I currently read a Psalm from the Bible every day. Oddly enough, today's reading was Psalm 23. I have used this quote in a previous blog but make no apologies for doing so again, as I think it is so powerful. "Even though I walk through the valley of the shadow of death, I will fear no evil, for you are with me; your rod and your staff, they comfort me." (Psalm 23 v4)

What an apt time to read this passage! And I am reminded every single day how much our Lord Jesus loves me. But this is not exclusive, as He loves you too!

Stay safe and well.


Tuesday, 19 May

Hello again. I thought I would change my photo, after my sister's comment that the previous one made me look like "a sad old lady"! And there I was, fondly imagining it made me look wise and serene. 🙃

I've used a picture of me and Kev, my lovely hubby, on what might well be the last foreign holiday we have in quite a time. We went to Ibiza last June with both my sisters and their husbands, and a good time was had by all.

The weeks soon go round, and here we are at Tuesday again! As always, Kev and I have had a lovely weekend. We have stayed reasonably local, as don't want to take too many risks, but we have managed two good canal walks. We were fortunate enough to see lots of ducklings and two goslings - so cute!

Our church (Bridgewater Baptist, Eccles) is still doing the online services each week, along with short Bible studies on Tuesdays and Thursdays. This gives a bit of structure to our week, and we always feel uplifted and encouraged after listening to our pastor Andrew's message. Last Sunday, Andrew suggested that we might want to share our testimony - that is, the story of how we became Christians. I remember referring to my story briefly in my first blog, so have decided to give my testimony in instalments. Bite-sized pieces, so I don't send you to sleep. 🤩

To give a bit of background, I was very fortunate to have a lovely mum who not only believed in, but trusted in, Jesus Christ. She taught us all about God, answering questions in the best way she could, eg "Mum, if God made everything in the world, who made God?" As I remember, that particular question must have phased her because she said, "Oh, I don't know - I don't know everything, you know!" She did teach us to say our prayers every night before we went to sleep and I became accustomed to prayer at a very early age; it just felt natural. Mum had gone to our local church from being a child but didn't actually attend, once we came along - I never really knew why - but she was determined that her kids (five of us) would be brought up in the Lord.

Consequently, we were all expected to attend Sunday School each week. I did enjoy some of this, and remember our lovely teacher, June. Some of my friends went there, too, so that was fine. Each Thursday, the church ran a group for young people, called Christian Endeavour, and we went along to that most weeks. I remember singing 'choruses', as they were called, such as: "Only a boy called David", with lots of actions, making it quite fun for kids. We also had a chain prayer, where each person was expected to say a few words when it was their turn. I also attended Bible study lessons and took part in a Scripture competition each year, one of which I won, with the impressive score of 94%.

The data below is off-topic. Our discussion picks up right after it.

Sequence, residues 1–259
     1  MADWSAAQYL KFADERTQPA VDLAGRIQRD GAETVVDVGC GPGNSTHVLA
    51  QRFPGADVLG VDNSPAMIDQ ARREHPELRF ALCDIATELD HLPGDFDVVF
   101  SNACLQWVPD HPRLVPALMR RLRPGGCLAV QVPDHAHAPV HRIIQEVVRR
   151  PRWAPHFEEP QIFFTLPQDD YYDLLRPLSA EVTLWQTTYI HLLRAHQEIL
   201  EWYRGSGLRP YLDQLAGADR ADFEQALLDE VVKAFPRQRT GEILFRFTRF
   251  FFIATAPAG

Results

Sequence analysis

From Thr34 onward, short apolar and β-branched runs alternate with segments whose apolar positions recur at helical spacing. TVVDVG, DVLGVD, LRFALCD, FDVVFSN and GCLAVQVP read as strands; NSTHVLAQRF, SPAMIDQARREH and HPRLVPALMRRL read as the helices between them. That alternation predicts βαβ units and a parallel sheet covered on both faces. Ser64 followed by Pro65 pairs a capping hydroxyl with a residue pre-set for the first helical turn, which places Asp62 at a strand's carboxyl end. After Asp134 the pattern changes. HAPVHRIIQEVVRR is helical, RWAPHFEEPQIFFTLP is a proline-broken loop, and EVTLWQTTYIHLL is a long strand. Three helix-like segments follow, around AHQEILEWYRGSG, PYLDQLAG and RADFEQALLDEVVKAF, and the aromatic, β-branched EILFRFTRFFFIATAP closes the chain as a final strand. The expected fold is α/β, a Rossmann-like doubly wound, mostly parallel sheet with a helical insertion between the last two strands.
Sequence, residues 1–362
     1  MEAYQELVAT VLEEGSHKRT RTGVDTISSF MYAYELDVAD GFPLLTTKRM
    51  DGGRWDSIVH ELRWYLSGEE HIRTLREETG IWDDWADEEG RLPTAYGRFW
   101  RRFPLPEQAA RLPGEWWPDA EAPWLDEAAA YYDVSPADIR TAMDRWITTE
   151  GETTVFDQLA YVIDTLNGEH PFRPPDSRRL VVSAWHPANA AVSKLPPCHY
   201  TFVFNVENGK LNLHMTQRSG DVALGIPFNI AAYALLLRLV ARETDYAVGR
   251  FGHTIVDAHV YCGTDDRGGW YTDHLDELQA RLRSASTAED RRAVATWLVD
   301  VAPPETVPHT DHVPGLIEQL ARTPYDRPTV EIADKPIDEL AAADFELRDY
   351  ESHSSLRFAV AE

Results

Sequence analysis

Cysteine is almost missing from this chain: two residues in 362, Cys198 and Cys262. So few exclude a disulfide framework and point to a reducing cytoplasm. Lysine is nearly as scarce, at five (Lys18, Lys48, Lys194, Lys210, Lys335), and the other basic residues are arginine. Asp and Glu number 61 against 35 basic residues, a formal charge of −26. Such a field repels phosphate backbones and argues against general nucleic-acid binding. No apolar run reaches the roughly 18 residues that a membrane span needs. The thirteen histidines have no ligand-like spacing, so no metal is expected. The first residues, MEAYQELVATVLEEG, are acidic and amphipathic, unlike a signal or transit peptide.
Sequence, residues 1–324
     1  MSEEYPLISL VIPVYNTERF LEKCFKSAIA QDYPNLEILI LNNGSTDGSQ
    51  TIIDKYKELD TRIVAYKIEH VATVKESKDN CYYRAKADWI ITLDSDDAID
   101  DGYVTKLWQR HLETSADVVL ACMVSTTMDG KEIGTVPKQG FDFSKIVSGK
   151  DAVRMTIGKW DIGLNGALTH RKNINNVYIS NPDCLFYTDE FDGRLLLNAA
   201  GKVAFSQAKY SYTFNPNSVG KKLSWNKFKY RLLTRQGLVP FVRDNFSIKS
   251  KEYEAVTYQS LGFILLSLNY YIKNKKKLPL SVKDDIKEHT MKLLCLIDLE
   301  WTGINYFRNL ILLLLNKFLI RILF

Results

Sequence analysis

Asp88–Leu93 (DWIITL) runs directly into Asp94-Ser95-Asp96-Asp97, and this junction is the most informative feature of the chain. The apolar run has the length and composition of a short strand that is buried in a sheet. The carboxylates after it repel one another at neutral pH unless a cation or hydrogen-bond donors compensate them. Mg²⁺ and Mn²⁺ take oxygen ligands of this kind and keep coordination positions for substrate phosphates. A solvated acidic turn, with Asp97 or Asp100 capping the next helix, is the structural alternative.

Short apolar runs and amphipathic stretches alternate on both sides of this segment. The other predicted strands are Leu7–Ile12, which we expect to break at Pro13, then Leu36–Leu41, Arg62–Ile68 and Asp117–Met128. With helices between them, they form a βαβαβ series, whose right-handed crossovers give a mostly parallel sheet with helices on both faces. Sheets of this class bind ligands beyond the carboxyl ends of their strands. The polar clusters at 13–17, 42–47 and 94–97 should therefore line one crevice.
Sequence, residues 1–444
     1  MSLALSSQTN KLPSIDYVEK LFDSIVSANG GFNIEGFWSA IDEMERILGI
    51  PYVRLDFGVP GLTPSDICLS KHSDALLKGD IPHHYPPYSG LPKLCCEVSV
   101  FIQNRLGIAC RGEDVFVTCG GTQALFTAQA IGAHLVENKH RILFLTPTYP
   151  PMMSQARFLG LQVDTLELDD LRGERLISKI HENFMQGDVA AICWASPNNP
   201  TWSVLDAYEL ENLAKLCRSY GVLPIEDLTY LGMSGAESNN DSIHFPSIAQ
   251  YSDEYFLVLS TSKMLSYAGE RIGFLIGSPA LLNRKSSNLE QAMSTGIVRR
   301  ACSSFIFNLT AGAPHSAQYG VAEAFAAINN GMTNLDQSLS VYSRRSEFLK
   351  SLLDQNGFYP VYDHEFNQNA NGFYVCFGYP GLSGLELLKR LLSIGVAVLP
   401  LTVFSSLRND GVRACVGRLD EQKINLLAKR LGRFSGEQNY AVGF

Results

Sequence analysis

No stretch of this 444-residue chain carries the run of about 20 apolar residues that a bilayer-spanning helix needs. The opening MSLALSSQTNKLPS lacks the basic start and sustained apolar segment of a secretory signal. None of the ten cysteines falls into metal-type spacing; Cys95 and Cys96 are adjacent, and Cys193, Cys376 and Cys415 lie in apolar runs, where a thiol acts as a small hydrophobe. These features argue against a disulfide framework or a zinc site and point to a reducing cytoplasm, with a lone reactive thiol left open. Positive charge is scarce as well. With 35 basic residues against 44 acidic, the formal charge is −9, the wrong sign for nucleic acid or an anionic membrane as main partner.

The Christmas Carol service was much anticipated by me and my sister. Mince pies, coated with icing sugar, were provided, along with milky coffee, a real treat for us. We enjoyed singing the carols, of course, but I have to confess that the main attraction was the goodies!

Our church also held barn dances, with tattie pie and peas suppers. We celebrated Walking Day in May, when Mum would get into debt with the 'catalogue' to buy our new walking outfits - coats, dresses and shoes. How proud we felt, moving along in the procession, displaying our new feathers!

When we were still quite young, Mum arranged for the four eldest kids (I am the eldest) to be 'dedicated'. This entails enlisting the church congregation's help in keeping children on the right path in dedicating the children to the Lord.

So, as far back as I can remember, I have always believed in God. Mum would remind us that the Lord could see everything we did, hear everything we said, and even read our thoughts. I found this quite scary - still do, at times, in fact! If you have read this far, you might well be forgiven for assuming that I have been a Christian all my life. Sadly, this isn't the case. At the ripe old age of 14, I turned my back on God, as I wanted to live my life my own way - and how I regret that decision, now! I turned back to God nine years ago and will tell you more about that later.

In the meantime, as always, please remember God loves you and is waiting for you to turn your life over to Him. Don't be like me, regretting not doing it sooner - but, hey, better late than never!


Wednesday, 27 May

Hello again. It's so good to be able to enjoy this beautiful weather. We've been very fortunate to have so much sunshine during our lockdown period. I can't imagine how depressing it would have been if this crisis had occurred during the winter months.